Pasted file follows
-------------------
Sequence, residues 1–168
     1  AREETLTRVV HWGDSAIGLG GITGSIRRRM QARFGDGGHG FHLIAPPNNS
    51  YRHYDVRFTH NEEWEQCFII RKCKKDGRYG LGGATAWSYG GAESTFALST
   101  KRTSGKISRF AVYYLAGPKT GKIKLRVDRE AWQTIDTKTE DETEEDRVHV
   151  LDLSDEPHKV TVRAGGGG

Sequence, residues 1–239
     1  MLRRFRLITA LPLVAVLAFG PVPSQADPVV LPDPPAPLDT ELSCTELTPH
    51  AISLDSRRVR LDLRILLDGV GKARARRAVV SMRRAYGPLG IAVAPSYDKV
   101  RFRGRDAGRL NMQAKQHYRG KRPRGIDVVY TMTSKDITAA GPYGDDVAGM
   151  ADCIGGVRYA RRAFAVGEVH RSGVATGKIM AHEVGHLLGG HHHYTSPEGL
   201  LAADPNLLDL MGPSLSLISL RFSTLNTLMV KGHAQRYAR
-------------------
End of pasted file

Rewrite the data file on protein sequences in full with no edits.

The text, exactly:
Sequence, residues 1–168
     1  AREETLTRVV HWGDSAIGLG GITGSIRRRM QARFGDGGHG FHLIAPPNNS
    51  YRHYDVRFTH NEEWEQCFII RKCKKDGRYG LGGATAWSYG GAESTFALST
   101  KRTSGKISRF AVYYLAGPKT GKIKLRVDRE AWQTIDTKTE DETEEDRVHV
   151  LDLSDEPHKV TVRAGGGG

Sequence, residues 1–239
     1  MLRRFRLITA LPLVAVLAFG PVPSQADPVV LPDPPAPLDT ELSCTELTPH
    51  AISLDSRRVR LDLRILLDGV GKARARRAVV SMRRAYGPLG IAVAPSYDKV
   101  RFRGRDAGRL NMQAKQHYRG KRPRGIDVVY TMTSKDITAA GPYGDDVAGM
   151  ADCIGGVRYA RRAFAVGEVH RSGVATGKIM AHEVGHLLGG HHHYTSPEGL
   201  LAADPNLLDL MGPSLSLISL RFSTLNTLMV KGHAQRYAR